CBN spends N620b on troubled banks, plans acquisition, mergers



Not less than N620 billion has been spent on the 10 troubled banks through the Expanded Discount Window (EDW) by the Central Bank of Nigeria (CBN), even as its Governor, Dr. Lamido Sanusi, hinted yesterday at a meeting with a Senate Committee that some of the existing commercial banks and foreign banks have expressed interest in acquiring some of the troubled banks. He also affirmed that the Equatorial Trust Bank (ETB) has paid back N30 billion loan it took from the EDW.



Sanusi disclosed that Union Bank negatived shareholders fund to the tune of N146 billion. Others are Oceanic, N259 billion; Bank PHB, N64 billion; Afribank, N107 billion; Equatorial Bank, N56 billion; Finbank, N85 billion; Spring Bank, N80 billion, while Wema Bank was indebted to the tune of N50 billion.



But Sanusi said the fate of the troubled banks would be determined in the negotiations on the acquisition and merger of the ailing banks by the new partners and existing shareholders. The recapitalisation of the banks, he added, will soon commence. "We are already working on the merger for the 10 troubled banks. The banks will be acquired by local and foreign banks that we have found to have great efficiency in corporate governance," Sanusi said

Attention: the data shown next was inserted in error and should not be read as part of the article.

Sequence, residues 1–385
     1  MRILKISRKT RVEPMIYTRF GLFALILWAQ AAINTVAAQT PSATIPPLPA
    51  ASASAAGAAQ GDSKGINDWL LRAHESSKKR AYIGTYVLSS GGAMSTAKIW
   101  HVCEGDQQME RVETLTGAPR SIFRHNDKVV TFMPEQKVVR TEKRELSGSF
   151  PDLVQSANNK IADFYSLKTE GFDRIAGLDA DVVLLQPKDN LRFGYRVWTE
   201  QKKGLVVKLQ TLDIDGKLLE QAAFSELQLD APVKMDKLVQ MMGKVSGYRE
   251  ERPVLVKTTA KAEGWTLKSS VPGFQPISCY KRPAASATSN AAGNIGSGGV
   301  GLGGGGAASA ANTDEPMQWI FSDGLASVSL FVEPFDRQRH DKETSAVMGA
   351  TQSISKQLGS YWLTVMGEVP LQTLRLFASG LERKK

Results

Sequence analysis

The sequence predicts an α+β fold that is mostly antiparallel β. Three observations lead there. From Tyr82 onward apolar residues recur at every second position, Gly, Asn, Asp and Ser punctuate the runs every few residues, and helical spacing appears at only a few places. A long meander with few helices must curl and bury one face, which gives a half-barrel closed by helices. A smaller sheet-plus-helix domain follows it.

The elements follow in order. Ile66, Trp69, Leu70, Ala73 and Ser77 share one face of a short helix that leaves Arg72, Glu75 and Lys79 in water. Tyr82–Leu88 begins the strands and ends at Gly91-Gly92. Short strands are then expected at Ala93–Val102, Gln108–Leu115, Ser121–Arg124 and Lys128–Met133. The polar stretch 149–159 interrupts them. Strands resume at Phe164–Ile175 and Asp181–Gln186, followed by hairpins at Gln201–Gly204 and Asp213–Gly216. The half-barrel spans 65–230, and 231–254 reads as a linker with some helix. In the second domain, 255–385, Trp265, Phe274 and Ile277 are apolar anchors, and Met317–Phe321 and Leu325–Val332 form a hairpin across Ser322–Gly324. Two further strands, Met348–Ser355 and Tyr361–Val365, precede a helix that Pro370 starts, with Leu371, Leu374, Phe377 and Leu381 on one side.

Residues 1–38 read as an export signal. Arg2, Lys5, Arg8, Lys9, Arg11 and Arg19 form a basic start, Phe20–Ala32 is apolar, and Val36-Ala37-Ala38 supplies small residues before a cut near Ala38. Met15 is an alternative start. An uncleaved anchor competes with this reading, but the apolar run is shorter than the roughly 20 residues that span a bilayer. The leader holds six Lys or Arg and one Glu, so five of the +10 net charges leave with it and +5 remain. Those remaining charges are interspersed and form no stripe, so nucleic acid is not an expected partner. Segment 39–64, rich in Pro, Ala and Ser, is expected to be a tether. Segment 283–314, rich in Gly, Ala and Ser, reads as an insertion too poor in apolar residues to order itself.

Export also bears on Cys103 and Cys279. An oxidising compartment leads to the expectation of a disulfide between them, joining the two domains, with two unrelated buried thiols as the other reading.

On the injection of fresh funds, the governor said it had been addressed in the Asset Management Company (AMC) bill presently before the National Assembly. The banks, he disclosed, are to issue AMC shares in exchange for cash or bond to the apex bank adding that when the bill on AMC is passed into law, about N9 trillion of shareholders funds will be saved.



Among the banks slated for proposed merger according to the CBN governor are Intercontinental, Union Bank, Afribank, Bank PHB, Wema Bank, Oceanic Bank, Equatorial Trust Bank, Finbank and Spring Bank. Sanusi said the CBN will not be involved directly in the merger process as was being speculated.



In the proposed plan, the CBN said, the troubled banks have been given the options of either agreeing to sell or allow their assets to be handed over to Nigeria Deposit Insurance Corporation or face the option of being nationalised by the Federal Government.



But a member of the committee, Senator Mohammed Mohammed, cautioned: "We want to be careful if you tell a bank that if we give you this option, if you do not take it, we will handover to NDIC, it is not fair to our shareholders."



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